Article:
“I flew over to Texas and showed them the Jaguar and John Car­mack loved the hard­ware, it was his kind of crazy tech­nol­ogy with its ad­vanced blit­ter and ob­ject pro­ces­sor. We signed the deal al­most straight away and he was great to work with. In fact, as he was get­ting to know the hard­ware he de­cided one week­end, when he was bored, that he would port

Wolfen­stein 3D to the Jaguar, too. Then he phones me up on the Mon­day morn­ing and says check your server, I think there’s some­thing there that you’ll like. So we wound up pub­lish­ing that too!”

Per­haps one of the most sur­pris­ing el­e­ments of the Jaguar’s legacy is its pop­u­lar­ity amongst de­vel­op­ers in the home­brew scene. With more new games be­ing re­leased for the sys­tem month after month, there doesn’t seem to be a sim­ple rea­son for this. Some at­tribute this new­found pop­u­lar­ity to the cult­like fol­low­ing it has as Atari’s last con­sole, while oth­ers spec­u­late that it’s be­cause the ma­chine was never truly ex­ploited like it could have been so presents an in­ter­est­ing chal­lenge.

Jef­frey John­son of Wave 1 Games, one of the de­vel­op­ers rid­ing the Jaguar Home­brew scene, ex­plains why he likes to make games for Atari’s fi­nal con­sole. “Well I didn’t at first! I tried my hand at PC game de­vel­op­ment but I wasn’t able to find my mar­ket there. The more ideas I came up with for the PC the more I found my­self mim­ick­ing things like Tem­pest 2000 and De­fender 2000. Those games re­ally stuck with me and are part of who I am now. Even­tu­ally after mak­ing enough weird stuff on the PC I de­cided to see if there was a mar­ket for in­die games on the Jag. When I found the huge com­mu­nity de­voted to the old cat I shared some of my ideas and I quickly learned that this was the place for me to grow. Back when I had my orig­i­nal Jaguar in the early Nineties I was just start­ing to learn to code and I re­mem­ber fan­ta­sis­ing about what types of games I would make for the Jaguar if only I knew how. I never thought that one day games like Jag Zom­bies and Fast Food 64 would ac­tu­ally be a re­al­ity!”

And which school of thought does Jef­frey be­long to with re­gards to why the Jaguar gets so much sup­port? “My guess is that most peo­ple are just hun­gry for more con­tent for the Jaguar be­cause they be­lieved the hype back in the Nineties about it be­ing a su­per beast and they still be­lieve that to­day. Atari never re­ally showed what the Jag could do, [and] they want to try and cor­rect that.” Ei­ther way, it’s pretty amaz­ing that the Jaguar has the af­ter­life it does after all these years. It’s the con­sole that never dies and its legacy is pretty clear for all to see.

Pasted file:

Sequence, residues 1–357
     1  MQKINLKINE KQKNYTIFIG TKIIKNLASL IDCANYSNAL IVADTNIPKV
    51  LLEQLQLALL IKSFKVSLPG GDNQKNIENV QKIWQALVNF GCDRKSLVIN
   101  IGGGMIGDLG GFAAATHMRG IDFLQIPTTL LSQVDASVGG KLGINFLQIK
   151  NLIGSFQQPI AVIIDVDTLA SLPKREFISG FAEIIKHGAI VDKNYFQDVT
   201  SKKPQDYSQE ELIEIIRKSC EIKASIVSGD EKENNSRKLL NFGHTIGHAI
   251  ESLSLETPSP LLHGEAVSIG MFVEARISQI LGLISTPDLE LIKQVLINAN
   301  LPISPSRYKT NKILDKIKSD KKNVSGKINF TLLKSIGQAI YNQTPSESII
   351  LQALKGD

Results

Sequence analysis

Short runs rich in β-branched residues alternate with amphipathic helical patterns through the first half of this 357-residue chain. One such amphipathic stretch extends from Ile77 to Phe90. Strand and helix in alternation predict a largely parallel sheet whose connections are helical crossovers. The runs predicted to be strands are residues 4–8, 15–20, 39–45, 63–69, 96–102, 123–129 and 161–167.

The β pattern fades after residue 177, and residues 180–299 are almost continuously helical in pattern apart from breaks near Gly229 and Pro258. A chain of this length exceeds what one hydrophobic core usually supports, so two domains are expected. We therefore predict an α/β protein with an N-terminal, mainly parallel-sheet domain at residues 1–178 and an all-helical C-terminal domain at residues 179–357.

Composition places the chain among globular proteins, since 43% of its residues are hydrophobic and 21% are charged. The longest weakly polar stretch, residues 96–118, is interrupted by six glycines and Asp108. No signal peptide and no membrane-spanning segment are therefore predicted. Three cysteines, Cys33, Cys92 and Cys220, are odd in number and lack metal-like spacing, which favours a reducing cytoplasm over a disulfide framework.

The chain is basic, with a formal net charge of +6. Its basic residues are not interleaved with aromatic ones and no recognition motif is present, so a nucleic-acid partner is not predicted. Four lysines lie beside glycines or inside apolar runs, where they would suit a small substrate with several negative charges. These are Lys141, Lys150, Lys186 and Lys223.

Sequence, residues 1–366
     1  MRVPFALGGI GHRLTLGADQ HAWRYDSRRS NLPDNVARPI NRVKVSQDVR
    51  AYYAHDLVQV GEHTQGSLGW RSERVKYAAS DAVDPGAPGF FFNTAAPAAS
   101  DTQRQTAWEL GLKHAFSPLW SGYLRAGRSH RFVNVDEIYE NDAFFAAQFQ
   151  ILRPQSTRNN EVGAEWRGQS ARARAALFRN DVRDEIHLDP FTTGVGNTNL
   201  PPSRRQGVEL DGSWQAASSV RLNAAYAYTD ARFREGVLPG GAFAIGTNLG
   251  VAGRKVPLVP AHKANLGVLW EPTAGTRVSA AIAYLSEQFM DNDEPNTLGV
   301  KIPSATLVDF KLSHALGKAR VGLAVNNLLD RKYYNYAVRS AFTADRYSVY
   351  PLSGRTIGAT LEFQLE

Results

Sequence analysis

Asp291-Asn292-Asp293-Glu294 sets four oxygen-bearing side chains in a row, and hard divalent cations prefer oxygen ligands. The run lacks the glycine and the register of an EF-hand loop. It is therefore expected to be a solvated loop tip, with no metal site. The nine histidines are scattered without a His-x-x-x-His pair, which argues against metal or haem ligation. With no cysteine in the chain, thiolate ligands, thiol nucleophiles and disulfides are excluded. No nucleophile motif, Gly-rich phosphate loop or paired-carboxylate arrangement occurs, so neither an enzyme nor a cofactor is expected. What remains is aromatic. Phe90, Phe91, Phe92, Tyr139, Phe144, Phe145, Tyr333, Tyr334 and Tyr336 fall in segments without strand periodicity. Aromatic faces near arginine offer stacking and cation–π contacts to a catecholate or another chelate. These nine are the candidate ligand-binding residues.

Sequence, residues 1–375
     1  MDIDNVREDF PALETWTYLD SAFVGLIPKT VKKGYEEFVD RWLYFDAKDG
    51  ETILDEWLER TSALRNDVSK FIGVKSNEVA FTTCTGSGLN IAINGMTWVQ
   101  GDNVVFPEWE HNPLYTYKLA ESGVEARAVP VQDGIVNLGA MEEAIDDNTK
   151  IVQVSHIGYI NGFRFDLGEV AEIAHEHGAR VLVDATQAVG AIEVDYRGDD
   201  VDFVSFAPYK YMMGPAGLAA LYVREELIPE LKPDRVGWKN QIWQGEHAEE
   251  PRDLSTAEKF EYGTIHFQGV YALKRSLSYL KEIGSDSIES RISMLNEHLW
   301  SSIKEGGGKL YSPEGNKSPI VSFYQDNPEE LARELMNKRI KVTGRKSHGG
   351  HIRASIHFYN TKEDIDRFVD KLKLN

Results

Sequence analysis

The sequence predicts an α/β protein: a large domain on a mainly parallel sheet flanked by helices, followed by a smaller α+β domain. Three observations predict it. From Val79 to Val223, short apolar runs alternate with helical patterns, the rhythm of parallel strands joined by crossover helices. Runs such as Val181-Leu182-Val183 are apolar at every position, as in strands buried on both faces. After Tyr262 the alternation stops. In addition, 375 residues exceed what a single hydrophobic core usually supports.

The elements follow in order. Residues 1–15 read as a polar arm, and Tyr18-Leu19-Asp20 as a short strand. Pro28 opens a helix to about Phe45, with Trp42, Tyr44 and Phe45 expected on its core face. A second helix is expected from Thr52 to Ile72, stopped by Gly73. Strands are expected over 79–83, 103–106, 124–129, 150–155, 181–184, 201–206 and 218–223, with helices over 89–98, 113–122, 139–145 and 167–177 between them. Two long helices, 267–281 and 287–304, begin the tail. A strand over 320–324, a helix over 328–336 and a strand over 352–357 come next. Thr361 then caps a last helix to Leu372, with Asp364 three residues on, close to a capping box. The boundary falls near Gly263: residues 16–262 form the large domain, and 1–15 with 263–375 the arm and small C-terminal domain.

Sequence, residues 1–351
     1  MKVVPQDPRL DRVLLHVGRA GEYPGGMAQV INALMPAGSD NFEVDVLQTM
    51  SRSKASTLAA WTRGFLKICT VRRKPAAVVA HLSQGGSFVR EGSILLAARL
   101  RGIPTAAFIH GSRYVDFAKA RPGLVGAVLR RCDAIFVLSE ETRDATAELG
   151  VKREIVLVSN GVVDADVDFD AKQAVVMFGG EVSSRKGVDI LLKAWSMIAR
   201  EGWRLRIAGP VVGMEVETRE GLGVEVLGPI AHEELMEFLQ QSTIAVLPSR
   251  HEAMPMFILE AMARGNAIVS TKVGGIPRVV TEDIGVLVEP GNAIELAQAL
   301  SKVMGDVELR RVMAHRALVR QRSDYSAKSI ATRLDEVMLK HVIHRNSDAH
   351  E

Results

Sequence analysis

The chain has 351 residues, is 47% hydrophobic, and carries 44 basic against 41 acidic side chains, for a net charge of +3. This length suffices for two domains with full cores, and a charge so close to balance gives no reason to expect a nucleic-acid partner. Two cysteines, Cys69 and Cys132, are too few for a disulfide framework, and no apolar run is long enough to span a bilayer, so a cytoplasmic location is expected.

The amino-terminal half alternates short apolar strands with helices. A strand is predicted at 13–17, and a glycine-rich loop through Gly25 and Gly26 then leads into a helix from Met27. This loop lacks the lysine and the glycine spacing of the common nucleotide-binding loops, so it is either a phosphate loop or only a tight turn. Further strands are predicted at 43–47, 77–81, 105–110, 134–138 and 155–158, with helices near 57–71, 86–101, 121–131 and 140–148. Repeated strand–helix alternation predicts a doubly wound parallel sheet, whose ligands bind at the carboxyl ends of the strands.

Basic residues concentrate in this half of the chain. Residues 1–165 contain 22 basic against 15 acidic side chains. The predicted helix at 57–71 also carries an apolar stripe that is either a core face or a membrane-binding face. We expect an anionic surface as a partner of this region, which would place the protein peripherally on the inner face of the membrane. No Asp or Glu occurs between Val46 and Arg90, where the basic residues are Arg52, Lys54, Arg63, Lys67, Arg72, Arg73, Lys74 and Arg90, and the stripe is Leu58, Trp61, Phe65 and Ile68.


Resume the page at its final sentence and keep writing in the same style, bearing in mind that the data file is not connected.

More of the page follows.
John Car­mack loved the hard­ware, it was his kind of crazy tech­nol­ogy Bill Re­hbock

» [Jaguar] Re­garded by many as the Jaguar’s best game, Tem­pest 2000 was re­cently res­ur­rected for the mod­ern age in the form of Tem­pest 4000.

» Ja­son Kings­ley’s stu­dio, Re­bel­lion was be­hind the crit­i­cally ac­claimedAlien Vs Preda­tor.

» [Jaguar] The Jaguar’s ‘killer app’, Alien Vs Preda­tor was a ground­break­ing ti­tle for the time.

» Fred­eric Houde was one of the pro­gram­mers for Ubisoft’s smash hit, Ray­man.

» [Jaguar] A se­quel to the Amiga and Mega Drive game, Power Drive Rally is one of the Jaguar’s best ex­clu­sives.

» Atari cer­tainly wasn’t shy when it came to ag­gres­sively ad­ver­tis­ing the Jaguar. It would turn out that Mario and Sonic had noth­ing to worry about.

» [Jaguar] Ray­man, this is a great ex­am­ple of the Jaguar’s 2D prow­ess with over 65,000 colours dis­played on the screen.

» An Alien Vs Preda­tor ad­vert, high­light­ing just how rev­o­lu­tion­ary the game’s con­cept was at the time of re­lease.

» Bill Re­hbock was re­spon­si­ble for Doom’s Jaguar ap­pear­ance.

» [Jaguar] With­out doubt one of best ex­am­ples of what the Jaguar can re­ally do is Re­bel­lion’s De­scent-like 3D shooter Sky­ham­mer.

» Jeff Min­ter cre­ated Tem­pest 2000, ar­guably the Jaguar’s best game.

» Jef­frey John­son is a well known name on the Jaguar’s bustling home­brew scene.